A button on the remote allows you to manually cycle through display options, which eventually took the guided the TV to the correct setting. The panel itself is Passive 3D rather than Full HD Active Shutter, and so can be used with low cost polarising spectacles.
No fewer than 10 pairs are included in the box. What a shame then to report then that the stereoscopy on this set is horrible. There’s no sense of depth, the parallax layers are out of whack and left and right images never actually knit together correctly; the result is horribly fuzzy with or without glasses.
This 3D-isaster is the same with side-by-side content (AVCHD, Sky 3D). Fearing the problem may in some way lie with the supplied eyeware, I tried some posh LG glasses but had exactly the same result.
USB media DVR player
While screen doesn’t do network streaming, but there is an attached USB media reader. This succeeded in playing AVI and MKV files (although not with a 100 per cent hit rate), as well as MOVs. Music support covers MP3 albeit without album art. The set can also timeshift to an external USB drive. Interestingly, recordings are not locked to the screen. The TV creates a ‘My PVR’ folder on the attached drive, saving programmes into it as .m2ts files.
Sounds good, with respectable 2D but woeful 3D
As far as sound reproduction goes, the TV gives a good account of itself. SRS TruSurround HD processing is on-board to widen and deepen the soundfield, and helps make dialogue sound just a little bit sharper.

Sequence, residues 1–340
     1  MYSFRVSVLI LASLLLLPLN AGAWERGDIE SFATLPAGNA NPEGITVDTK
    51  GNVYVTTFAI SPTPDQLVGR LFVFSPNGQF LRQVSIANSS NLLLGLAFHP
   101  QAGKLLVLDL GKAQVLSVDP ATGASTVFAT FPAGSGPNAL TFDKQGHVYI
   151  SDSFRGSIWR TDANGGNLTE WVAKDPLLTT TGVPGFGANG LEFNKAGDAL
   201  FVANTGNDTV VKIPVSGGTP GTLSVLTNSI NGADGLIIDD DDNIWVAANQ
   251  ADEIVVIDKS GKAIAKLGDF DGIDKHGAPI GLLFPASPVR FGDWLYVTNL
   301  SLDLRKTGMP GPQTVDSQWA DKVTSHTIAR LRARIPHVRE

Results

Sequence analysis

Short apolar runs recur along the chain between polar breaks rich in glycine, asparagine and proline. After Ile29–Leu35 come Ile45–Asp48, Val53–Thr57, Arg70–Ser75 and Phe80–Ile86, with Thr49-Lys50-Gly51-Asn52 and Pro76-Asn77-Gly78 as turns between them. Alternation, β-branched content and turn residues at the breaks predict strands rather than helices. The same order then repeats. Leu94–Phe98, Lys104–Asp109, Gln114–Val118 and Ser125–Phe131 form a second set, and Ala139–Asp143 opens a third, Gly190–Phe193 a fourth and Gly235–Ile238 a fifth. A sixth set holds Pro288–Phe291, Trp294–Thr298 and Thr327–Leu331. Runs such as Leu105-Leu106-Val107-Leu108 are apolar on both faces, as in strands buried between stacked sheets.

The appeal LE423ED11 hangs on its frugal 3D, and in this regard it’s not particularly successful. Factor in the bog-standard Freeview tuner and the lack of network smarts and there’s precious little reason left to invest in this offering. There are better branded options for only moderately more cash widely available. That said, if you're in desperate need of a 3D Blu-ray player too, oddly enough, Dixons is offering the set at the same price with a Philips 3000 series model thrown in, if you know where to look. ®
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Dixons Logik LE423ED11 42in passive 3D TV
Does anyone ever proof read these articles?
If not, perhaps they should start. If they do, perhaps they should be fired.
I got 3D from our 2D TV
BBC HD was doing side by side - I had a squint operation as a child.
I was able to overlay the two sides - squished 3D
is this TV any better?
Amazon 1 star syndrome
Guys, when something is this bad, you owe it to us to check it isn't a faulty model. Otherwise you are no better than the green-ink brigade raving on Amazon: "The HDD arrived in a badly damaged box but I opened it anyway. It only worked for a bit and then it stopped. One star."
Nothing wrong with Shutter Glasses
2011 spec shutter glasses from all the manufacturers are a vast improvement on the original Infra Red-driven tech of previously. There is no bleedhtrough across eyes or any problem whatsoever where compatible products are used.
This reviewed set is either a Friday build or Dixons has gone and bought a job lot of crap that couldn't be sold to the locals in the Far East and so has been dumped on Blighty.
Passive is unlikely to ever look as tight was active technology, but it shouldn't be a stark difference as the reviewer has witnessed. But then, I tend to shy away from any of Dixons own-brand stuff. It is generally C-grade nonsense.
The last picture on the second page is even worse, like someone's gone mad with a spray can of silver paint. Their marketing people need to lay off the photoshop... what the hell is wrong with just showing a photo of the tv how it actually looks, without adding an obviously fake effect on top?